But listening to a religious carol – “Silent Night,” John Rutter’s “The Angels’ Carol,” or my father’s favorite, “Lo, How a Rose E’er Blooming “— can melt those distractions away. Those songs always help my harried holiday self settle on the beautiful mystery at the heart of the season. My favorite way to pray during December is to curl up on the couch and listen to those songs, staring at the fireplace or a lit candle, letting that wavering light and those waves of music seep into my bones and saturate me with the beauty of Christ’s coming. The songs restore and renew me, always.

And now that my son is three, I’m realizing that the carols are not just for me. As I wonder how to help Matthew find Jesus among all of the tinsel and gifts, I’m learning anew the power of music. In the car, at home, my son hears what I hear. Just as these carols sank into my bones years ago, so they are sinking into his: one little child learning about the birth of another little child, the sweetest story ever set to music. 

Yes, this is one from the archives, from 2009 (!).  But though my youngest son is now older than Matthew was when I wrote this, my love for carols hasn’t abated.  And my mom still has the book of Christmas songs on her piano each holiday season.  

Our Lady of Guadalupe, and Mary

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My kindergartener came home with what is perhaps one of the most adorable crafts ever: A paper “tilma” like the one in the story of Our Lady of Guadalupe.

I loved it not just for its cuteness, but for the fact that it reminds me of my dear friend Mary: one of Our Lady’s biggest fans.

Today is the feast day of Our Lady of G.  It is also the third anniversary of Mary’s death.  I miss her so much; at random moments a huge wave of Mary-nostalgia will wash over me, and the fact that she died so young feels so cruel and awful.

But thinking of the significance of December 12th always helps.   When you are forty-seven, no day is a good day to die, but there is such comfort in thinking about how it was on this very special feast day that Our Lady wrapped her starry cloak around our Mary and took her home.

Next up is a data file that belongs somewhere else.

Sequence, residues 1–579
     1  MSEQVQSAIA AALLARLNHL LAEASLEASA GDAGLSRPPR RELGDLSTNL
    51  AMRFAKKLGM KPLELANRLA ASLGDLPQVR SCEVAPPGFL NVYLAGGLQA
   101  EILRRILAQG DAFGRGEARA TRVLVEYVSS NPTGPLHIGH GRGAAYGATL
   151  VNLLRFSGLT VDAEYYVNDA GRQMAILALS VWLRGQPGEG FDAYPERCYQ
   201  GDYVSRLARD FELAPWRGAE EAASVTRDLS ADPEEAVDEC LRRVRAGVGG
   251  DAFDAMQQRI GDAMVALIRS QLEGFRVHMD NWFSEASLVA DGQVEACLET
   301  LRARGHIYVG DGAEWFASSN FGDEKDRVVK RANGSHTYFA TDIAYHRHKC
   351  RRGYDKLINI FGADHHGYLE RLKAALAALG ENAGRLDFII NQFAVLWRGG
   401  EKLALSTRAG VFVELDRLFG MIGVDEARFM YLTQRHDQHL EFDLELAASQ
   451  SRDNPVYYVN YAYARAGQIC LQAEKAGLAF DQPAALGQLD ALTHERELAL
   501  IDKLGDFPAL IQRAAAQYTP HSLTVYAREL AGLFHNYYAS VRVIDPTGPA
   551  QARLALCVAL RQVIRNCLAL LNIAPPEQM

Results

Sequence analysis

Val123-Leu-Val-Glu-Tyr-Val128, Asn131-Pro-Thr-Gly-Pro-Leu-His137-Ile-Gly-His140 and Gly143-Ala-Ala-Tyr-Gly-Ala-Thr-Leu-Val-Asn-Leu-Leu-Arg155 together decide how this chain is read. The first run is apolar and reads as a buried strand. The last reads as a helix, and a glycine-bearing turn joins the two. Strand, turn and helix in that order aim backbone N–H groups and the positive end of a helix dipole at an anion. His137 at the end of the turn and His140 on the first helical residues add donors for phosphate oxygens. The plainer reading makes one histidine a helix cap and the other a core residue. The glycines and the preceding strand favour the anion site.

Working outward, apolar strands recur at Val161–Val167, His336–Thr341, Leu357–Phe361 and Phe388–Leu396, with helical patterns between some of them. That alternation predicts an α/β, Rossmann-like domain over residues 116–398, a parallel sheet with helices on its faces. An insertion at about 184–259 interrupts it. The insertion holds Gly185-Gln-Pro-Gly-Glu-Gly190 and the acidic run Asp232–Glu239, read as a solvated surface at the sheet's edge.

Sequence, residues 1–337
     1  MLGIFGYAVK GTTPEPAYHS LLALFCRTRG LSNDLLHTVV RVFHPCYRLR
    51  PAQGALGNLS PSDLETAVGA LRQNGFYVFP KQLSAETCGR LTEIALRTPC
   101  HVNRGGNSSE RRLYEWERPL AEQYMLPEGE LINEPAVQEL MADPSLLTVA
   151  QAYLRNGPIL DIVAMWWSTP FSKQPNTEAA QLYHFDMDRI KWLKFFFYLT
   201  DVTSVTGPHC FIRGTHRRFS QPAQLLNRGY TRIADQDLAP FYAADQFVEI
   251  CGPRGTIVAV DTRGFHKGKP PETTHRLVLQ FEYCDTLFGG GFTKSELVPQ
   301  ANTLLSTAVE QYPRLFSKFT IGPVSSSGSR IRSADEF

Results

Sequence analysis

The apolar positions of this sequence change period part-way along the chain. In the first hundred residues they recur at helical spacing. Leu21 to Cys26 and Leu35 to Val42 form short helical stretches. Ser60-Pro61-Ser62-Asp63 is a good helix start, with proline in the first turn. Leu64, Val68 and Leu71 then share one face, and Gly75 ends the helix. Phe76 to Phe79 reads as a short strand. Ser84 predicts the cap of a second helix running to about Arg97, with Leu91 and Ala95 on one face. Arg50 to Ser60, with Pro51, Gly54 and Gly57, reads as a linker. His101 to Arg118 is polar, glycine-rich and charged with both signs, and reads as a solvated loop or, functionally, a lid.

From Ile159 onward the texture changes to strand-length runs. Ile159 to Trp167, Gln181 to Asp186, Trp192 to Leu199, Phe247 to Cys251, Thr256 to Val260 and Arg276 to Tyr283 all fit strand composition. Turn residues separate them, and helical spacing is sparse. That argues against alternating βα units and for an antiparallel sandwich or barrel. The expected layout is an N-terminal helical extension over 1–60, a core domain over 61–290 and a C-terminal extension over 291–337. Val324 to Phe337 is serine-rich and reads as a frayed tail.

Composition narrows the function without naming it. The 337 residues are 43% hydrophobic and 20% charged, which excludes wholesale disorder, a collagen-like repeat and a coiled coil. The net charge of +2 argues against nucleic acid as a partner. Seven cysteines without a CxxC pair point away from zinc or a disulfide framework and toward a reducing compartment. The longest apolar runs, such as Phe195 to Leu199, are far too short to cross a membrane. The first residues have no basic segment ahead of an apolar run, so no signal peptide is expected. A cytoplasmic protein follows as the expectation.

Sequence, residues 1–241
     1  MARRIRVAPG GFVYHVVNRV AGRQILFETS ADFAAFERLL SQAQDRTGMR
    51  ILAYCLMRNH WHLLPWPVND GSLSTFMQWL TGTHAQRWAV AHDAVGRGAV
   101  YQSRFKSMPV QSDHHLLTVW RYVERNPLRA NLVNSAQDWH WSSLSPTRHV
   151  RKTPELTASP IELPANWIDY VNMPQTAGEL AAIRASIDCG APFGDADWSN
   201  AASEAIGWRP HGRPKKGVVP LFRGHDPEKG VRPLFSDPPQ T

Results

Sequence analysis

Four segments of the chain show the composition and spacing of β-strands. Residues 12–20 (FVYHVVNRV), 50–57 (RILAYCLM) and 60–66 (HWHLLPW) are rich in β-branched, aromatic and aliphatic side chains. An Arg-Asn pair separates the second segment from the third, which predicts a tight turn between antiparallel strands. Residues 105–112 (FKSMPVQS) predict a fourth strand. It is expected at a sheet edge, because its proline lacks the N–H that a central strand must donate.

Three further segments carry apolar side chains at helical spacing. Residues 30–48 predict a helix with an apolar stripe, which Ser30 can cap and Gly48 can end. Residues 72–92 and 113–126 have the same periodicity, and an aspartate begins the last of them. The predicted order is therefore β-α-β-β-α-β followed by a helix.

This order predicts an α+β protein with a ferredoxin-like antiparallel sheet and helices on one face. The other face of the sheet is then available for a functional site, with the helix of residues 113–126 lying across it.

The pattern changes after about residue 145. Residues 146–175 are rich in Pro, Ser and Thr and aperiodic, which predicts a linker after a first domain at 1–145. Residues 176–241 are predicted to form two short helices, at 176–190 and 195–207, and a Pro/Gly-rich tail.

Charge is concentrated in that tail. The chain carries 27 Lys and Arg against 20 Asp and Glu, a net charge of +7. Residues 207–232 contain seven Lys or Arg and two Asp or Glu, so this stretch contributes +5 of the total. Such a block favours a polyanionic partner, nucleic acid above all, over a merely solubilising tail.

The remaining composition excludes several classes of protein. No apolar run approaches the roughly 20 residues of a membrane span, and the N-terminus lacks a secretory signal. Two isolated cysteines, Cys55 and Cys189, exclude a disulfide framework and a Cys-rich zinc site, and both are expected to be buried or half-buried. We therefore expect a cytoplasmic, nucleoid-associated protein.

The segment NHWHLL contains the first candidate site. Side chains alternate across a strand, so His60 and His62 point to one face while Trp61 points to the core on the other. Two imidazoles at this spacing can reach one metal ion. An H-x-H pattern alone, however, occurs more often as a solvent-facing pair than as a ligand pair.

So I smile at Luke’s little paper tilma, and I can feel Mary smiling at it too.   And I’m grateful for the chance to pause and remember two beautiful women on one sad, beautiful day.

A Christmas stick and old Saint Nick: Two new holiday books for kids

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Every mom knows the experience of having her child unwrap a birthday or Christmas toy, only to find that the child has more fun playing with the box it came in.   It’s a near-universal experience, one that points to a certain truth: Kids need fewer toys than they think they do (or than we think they do).

It’s a tough truth to live by, though, especially this time of year when ads and store windows try to convince our kids that they need more.  That’s why a book like The Christmas Stick (written by Tim J. Myers, illustrated by Necdet Yilmaz) is such a welcome one.

In this colorful new picture book, a spoiled young prince receives a stick for Christmas.  He’s not sure what to do with it at first — it gets ignored as he focuses on the other, flashier toys — but then as the novelty of those toys begins to fade, he turns to the stick and finds that it’s a lot more fun than the others.

A stick can be a sword!  It can be a lute!  It can be a giant’s club!  The book shows the prince letting his imagination rip as he explores all the possibilities of a simple stick.  In the end, he also learns about kindness and giving in a lovely little twist in the plot.  It’s  an utterly charming book, with a message that we can’t get enough of this time of year.   It just may inspire you to wrap up an old broom handle as a gift for your kids and see where their imagination goes.

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A while back, my son and I thoroughly enjoyed the book Saint Francis and Brother Duck by  Jay Stoeckl, OFS .  This year, together we’re reading his new book Saint Nicholas and the Mouse of Myra.  Like its predecessor, Saint Nicholas and the Mouse of Myra is a graphic novel about the spiritual journey of a saint.  Like its predecessor, it also features an adorably-drawn animal sidekick to help convey the story of the saint in question.  The mouse in this book is full of personality, cheeky and smart and frequently challenging Nicholas to explain his life choices  in a way that allows for the saint’s beliefs to unfold easily throughout the story.

The book moves along at a nice pace and is a very engaging and colorful introduction to the saint upon whom Santa Claus is based;  I particularly like its message about generous giving to the poor.  It’s a great read for kids eight and up (and for their parents, too — I’m learning a lot about Saint Nicholas that I didn’t know before).

Both The Christmas Stick and  Saint Nicholas and the Mouse of Myra were review copies courtesy of Paraclete Press, which publishes all sorts of great spiritual books for kids and adults.  Check them out — I promise you’ll find something you like.